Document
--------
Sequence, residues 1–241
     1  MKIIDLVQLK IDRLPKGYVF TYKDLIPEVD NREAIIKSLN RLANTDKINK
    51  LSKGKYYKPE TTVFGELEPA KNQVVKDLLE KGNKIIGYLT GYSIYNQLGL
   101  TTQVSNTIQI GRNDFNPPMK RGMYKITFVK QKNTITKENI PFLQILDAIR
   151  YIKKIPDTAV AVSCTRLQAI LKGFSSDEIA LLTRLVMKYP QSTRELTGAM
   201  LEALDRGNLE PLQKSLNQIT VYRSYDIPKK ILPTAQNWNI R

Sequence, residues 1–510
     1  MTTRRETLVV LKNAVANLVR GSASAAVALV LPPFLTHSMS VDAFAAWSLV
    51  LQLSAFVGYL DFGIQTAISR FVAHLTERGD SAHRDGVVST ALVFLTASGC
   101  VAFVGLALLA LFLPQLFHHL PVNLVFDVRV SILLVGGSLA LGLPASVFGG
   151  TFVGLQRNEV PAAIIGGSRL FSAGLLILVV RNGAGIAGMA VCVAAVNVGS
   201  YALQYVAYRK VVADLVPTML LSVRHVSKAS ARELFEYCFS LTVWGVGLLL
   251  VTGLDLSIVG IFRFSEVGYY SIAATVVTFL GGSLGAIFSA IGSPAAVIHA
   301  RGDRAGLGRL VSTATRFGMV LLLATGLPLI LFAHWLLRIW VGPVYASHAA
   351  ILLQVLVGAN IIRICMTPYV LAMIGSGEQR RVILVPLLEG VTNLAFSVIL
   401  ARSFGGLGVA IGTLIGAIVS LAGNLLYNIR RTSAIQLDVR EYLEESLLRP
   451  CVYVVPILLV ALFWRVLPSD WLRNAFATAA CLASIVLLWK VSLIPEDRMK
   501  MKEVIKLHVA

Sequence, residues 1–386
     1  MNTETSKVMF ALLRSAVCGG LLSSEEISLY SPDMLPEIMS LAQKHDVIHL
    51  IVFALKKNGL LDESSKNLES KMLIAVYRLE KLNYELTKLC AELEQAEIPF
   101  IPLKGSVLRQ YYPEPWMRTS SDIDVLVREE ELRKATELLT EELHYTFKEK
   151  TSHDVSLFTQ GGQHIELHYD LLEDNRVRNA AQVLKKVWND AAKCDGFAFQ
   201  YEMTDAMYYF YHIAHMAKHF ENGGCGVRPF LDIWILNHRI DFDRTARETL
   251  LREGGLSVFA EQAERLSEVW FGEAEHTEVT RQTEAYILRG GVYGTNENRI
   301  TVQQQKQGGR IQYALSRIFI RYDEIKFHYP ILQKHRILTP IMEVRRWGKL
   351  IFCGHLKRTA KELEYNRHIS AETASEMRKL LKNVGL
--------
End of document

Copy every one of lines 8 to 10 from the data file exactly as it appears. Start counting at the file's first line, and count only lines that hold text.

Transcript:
     1  MTTRRETLVV LKNAVANLVR GSASAAVALV LPPFLTHSMS VDAFAAWSLV
    51  LQLSAFVGYL DFGIQTAISR FVAHLTERGD SAHRDGVVST ALVFLTASGC
   101  VAFVGLALLA LFLPQLFHHL PVNLVFDVRV SILLVGGSLA LGLPASVFGG